“I didn’t see any survivors. I saw the efforts of the fire department, police and EMS dealing with it.” He got home at 5 a.m. on Sept. 12.
He had attended SUNY Orange while working for a local family’s retail lumber business, a job that he had begun at 15. As he advanced to sales and management in the job, he married and had two children.
“I wasn’t unhappy in the lumber job,” he said.
But in 1993, when he was 26, he yielded to his old interest in policing and took a part-time job with the Greenwood Lake Police Department, then joined full time in 1995. He shifted to Warwick PD in 2000 and went through the Orange County Police Academy.
His years volunteering with the ambulance and fire department had prepared him for this career, Rader said. “It takes the whole shift. No one does it alone, whether you’re part time or full time, on duty or off duty. Crime doesn’t know the difference.”
As for local crime patterns, he said, “The majority of crimes stem from the opiate crisis. It’s steady.” He has seen no decline.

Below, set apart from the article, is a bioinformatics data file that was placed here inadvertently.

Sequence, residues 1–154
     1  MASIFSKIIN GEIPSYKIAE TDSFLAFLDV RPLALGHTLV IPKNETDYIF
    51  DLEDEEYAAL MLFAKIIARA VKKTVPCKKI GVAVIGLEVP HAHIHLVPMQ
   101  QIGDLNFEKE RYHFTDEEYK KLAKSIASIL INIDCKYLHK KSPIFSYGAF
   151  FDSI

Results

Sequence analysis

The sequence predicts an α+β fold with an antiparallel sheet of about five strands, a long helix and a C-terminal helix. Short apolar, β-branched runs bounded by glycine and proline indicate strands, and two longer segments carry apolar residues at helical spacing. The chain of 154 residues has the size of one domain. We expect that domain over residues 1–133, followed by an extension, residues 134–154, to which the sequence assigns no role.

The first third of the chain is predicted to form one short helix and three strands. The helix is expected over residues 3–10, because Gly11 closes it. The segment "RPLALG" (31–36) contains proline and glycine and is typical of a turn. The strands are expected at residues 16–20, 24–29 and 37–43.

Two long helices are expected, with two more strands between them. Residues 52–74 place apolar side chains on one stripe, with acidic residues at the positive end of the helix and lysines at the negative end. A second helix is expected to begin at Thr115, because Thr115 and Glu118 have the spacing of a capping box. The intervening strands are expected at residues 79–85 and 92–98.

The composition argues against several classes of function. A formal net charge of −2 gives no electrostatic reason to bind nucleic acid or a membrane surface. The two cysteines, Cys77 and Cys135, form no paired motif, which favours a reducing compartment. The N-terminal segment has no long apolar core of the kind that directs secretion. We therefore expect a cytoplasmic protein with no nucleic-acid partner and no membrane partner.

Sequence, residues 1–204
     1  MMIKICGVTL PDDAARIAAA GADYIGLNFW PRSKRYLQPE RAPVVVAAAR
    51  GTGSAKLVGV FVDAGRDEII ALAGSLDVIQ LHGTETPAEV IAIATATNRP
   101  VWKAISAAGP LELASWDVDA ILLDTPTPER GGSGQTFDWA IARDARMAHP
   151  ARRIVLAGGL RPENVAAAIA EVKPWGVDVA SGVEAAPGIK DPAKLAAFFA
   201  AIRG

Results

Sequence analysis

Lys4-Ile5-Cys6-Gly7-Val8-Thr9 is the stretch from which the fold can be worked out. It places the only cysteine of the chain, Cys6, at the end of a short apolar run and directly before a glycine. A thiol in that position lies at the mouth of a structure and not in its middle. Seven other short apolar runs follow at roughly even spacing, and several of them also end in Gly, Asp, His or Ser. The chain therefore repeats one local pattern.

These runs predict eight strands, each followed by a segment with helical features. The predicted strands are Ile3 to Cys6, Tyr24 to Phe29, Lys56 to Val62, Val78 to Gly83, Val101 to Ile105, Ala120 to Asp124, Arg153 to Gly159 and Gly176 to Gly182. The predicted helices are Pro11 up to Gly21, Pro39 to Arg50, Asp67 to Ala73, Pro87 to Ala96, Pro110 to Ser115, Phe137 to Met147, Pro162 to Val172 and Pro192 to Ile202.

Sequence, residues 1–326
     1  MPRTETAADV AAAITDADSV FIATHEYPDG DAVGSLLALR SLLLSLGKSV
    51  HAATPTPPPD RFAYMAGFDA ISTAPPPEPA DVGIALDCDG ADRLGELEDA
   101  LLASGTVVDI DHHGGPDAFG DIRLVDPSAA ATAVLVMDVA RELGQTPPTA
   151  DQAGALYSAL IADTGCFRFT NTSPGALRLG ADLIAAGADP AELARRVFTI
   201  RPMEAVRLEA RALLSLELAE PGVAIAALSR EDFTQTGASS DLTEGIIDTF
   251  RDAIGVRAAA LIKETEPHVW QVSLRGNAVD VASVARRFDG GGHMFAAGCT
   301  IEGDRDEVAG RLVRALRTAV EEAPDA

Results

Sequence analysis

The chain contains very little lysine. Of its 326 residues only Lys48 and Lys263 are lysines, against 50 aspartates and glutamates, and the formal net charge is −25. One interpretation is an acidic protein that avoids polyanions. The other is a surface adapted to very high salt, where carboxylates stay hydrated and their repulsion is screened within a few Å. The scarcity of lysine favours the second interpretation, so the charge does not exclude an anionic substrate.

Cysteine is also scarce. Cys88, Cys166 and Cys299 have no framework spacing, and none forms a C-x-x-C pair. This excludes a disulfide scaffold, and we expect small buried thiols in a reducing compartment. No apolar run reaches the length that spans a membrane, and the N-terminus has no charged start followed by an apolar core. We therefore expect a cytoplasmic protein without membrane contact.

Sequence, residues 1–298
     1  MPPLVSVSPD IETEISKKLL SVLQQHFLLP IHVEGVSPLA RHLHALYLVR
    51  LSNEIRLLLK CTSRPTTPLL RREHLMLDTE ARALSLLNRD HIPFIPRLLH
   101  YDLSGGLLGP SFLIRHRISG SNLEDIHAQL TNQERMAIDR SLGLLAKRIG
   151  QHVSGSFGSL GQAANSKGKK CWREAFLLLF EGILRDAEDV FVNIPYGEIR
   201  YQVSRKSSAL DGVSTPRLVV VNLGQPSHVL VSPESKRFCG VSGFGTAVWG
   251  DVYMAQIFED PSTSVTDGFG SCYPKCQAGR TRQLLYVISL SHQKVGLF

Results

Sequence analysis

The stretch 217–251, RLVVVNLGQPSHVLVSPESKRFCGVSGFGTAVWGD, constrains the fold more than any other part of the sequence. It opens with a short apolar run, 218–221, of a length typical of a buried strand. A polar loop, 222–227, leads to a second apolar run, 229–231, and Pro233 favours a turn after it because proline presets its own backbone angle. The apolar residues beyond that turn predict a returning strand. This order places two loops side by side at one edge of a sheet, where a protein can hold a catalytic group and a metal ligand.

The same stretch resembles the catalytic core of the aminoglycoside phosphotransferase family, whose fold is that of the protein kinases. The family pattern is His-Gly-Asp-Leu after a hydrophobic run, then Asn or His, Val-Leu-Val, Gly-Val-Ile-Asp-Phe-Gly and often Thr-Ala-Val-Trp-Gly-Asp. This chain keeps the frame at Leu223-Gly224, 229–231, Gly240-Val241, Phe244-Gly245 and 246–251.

Opiates lurk behind most domestic violence, larceny and car accidents, Rader said. In 2021, Warwick police responded to 193 domestic violence calls. Beyond enforcement efforts, police are prepared with Narcan they use to try to revive people from opioid overdoses, and officers are members of the Warwick Valley Prevention Coalition. The department also works with Hope Not Handcuffs, whose staff and volunteers provide assistance into treatment for drug users who want it.
“Crime numbers are steady related to narcotics,” Rader said, and with the legalization of cannabis, he predicts numbers will rise. He dismisses the possible benefit of products verifiably untainted by fentanyl and other drugs. He points to the availability of cannabis with no odor, whether in vaping products or gummies.
“How does a five-year-old know the difference between gummies and candy? People ingest drugs at all ages, and you don’t know until there’s a reaction. I don’t see any good from legalization. Marijuana is stronger than it used to be,” he said, as growers often cultivate it to increase the THC. “We’re trying to educate families.”
Building on McGovern foundation
Rader took over as police chief when Tom McGovern retired in May.
“We don’t need to change anything, just build on what he’s done and continue community outreach,” said Rader.
A recent effort in that direction was the Junior Police Academy, a summer program that attracted 40 participants, 10-15 years old.